NEWS MEDIA UPDATE · MAINE · Libel · July 11, 2005
Online report calling officer’s statements “lies” defamatory
July 11, 2005 · Characterizing a navy officer’s statements about unresolved problems at a military base as “lies” was not mere opinion but false statement of fact, the Supreme Judicial Court of Maine ruled on June 30, upholding $95,000 in defamation damages against a Web site publisher.
The statements were made by Christopher Wagner, local president of the National Association of Government Employees, as part of a labor dispute with U.S. Navy Lt. Alan J. Ballard.
“The clear implication of Wagner’s publication of the word ‘lie’ . . . is that Ballard in fact intended to deceive the base and his command when he announced that the deficiencies had been addressed,” Judge Robert W. Clifford wrote for the court. “Such an assertion about conduct of a naval officer in his official duties is especially serious, and the facts do not support Wagner’s contention that he was merely expressing an opinion.”
The controversy erupted in March 2000, when Wagner published a Web site subtitled “Dedicated to Exposing Lies at Naval Air Station, Brunswick,” Maine. The site published statements by Ballard that he did not see a proposed contract with union employees, and that an oil leak at an on-base child care center had been repaired. The word “Lie” was handwritten in the margins next to both statements.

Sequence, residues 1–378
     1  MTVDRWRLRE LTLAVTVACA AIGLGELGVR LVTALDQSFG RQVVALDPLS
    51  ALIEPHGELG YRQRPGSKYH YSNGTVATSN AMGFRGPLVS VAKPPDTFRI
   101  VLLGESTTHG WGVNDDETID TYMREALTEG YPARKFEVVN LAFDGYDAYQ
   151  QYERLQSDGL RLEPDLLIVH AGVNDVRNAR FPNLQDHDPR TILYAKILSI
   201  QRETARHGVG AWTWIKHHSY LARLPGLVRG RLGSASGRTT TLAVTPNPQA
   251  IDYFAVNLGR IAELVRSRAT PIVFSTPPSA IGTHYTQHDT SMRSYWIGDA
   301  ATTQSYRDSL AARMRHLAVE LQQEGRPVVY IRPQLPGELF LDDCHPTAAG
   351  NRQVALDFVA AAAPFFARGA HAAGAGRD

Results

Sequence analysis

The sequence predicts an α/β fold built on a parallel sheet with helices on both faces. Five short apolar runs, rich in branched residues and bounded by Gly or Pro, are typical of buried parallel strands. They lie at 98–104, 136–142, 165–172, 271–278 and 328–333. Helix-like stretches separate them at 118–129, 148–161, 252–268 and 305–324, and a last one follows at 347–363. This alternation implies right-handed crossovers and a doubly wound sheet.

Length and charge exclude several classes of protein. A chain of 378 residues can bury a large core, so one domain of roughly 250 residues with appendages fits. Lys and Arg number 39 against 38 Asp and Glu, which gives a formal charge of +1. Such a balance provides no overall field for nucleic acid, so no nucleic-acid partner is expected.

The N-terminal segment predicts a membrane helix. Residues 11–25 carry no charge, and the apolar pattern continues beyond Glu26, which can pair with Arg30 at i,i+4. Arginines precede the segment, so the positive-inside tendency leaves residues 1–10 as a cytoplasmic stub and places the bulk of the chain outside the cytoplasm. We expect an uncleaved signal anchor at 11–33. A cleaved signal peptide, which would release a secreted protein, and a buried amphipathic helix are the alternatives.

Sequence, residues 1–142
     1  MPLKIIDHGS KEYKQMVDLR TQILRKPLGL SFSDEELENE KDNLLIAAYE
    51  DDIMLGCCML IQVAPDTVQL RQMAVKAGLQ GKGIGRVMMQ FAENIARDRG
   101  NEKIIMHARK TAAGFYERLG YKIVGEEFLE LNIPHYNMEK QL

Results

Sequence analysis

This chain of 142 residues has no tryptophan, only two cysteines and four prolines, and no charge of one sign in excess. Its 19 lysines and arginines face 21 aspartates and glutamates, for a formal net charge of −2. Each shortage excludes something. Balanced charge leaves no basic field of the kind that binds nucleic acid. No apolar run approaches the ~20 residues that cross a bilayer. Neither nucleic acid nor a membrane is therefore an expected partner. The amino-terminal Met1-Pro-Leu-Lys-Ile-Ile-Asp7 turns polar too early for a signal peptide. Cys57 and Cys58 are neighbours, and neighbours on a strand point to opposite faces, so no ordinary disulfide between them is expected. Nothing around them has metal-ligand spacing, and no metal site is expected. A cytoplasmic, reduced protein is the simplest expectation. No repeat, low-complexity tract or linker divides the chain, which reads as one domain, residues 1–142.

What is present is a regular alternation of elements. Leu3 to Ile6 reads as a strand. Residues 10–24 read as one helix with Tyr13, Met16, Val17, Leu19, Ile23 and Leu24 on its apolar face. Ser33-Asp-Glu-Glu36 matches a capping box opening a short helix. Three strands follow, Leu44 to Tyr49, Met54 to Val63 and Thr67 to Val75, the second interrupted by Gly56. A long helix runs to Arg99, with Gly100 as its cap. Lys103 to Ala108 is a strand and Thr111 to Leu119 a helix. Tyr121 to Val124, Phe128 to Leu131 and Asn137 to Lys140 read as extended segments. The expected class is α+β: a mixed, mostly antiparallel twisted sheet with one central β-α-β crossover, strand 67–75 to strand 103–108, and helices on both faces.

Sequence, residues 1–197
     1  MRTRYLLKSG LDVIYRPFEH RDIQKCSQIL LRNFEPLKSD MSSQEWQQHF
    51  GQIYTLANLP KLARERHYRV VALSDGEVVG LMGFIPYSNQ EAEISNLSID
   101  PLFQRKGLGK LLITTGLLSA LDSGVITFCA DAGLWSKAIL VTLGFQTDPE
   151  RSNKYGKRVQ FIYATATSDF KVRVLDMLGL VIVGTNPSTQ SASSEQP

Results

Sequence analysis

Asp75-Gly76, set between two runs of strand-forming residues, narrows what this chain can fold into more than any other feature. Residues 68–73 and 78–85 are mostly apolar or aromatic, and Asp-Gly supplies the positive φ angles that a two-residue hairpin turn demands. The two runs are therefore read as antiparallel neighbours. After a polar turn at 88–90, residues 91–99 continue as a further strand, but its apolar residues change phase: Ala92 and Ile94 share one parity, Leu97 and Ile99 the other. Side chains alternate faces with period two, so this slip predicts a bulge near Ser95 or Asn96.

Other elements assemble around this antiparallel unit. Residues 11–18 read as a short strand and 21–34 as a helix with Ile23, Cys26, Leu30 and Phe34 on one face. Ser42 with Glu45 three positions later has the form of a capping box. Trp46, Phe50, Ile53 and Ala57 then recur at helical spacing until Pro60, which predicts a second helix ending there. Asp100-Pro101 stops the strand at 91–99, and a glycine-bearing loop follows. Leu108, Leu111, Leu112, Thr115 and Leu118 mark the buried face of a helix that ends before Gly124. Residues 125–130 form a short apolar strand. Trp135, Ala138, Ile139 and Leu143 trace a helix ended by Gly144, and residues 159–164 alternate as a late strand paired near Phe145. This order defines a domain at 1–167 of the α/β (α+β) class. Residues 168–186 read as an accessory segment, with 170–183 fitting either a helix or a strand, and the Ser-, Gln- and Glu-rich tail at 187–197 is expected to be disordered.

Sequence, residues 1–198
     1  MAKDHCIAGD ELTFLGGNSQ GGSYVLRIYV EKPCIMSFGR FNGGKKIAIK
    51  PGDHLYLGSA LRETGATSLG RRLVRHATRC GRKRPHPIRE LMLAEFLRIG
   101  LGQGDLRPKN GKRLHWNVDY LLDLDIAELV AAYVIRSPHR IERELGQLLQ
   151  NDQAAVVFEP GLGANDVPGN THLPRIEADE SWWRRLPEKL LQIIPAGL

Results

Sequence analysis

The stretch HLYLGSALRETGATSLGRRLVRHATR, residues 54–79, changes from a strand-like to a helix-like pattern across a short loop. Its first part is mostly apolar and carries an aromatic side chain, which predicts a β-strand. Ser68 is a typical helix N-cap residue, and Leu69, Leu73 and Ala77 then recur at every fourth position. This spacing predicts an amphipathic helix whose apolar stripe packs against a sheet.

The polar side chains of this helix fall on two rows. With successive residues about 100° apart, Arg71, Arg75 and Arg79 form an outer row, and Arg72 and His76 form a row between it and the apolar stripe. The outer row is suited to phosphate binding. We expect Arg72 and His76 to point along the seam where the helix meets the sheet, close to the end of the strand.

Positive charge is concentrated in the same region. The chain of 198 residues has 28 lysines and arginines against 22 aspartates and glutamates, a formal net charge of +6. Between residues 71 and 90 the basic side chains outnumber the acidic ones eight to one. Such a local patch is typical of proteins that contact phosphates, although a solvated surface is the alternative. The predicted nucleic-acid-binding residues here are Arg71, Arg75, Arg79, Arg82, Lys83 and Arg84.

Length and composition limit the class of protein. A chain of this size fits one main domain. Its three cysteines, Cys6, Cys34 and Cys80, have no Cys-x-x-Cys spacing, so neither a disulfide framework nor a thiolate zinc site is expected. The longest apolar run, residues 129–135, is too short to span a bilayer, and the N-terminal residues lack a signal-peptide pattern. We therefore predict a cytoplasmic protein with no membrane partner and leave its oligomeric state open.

A proposal by the union had been made, but while Ballard was out of the state and after the non-union contract had been signed. While the oil leak had not been repaired, Ballard had been told by a subordinate that it had been before he made the statement.
Ballard sued Wagner and the union for defamation, and was awarded $75,000 in damages against the union and Wagner, and an additional $20,000 in punitive damages against Wagner. Wagner and the union appealed to the state high court, which unanimously affirmed the verdict.
As a public official, Ballard had to prove that Wagner made the statements with actual malice – knowing that the statements were false or recklessly regarding whether they were true or not. The court found that because the Web site implied that Ballard tried to deceive his superiors about the union proposal and that Wagner “knew or had good reason to know” that Ballard believed the subordinate’s report on the leak to be accurate, Wagner acted with actual malice in reporting that Ballard lied.
(Ballard v. Wagner) — GP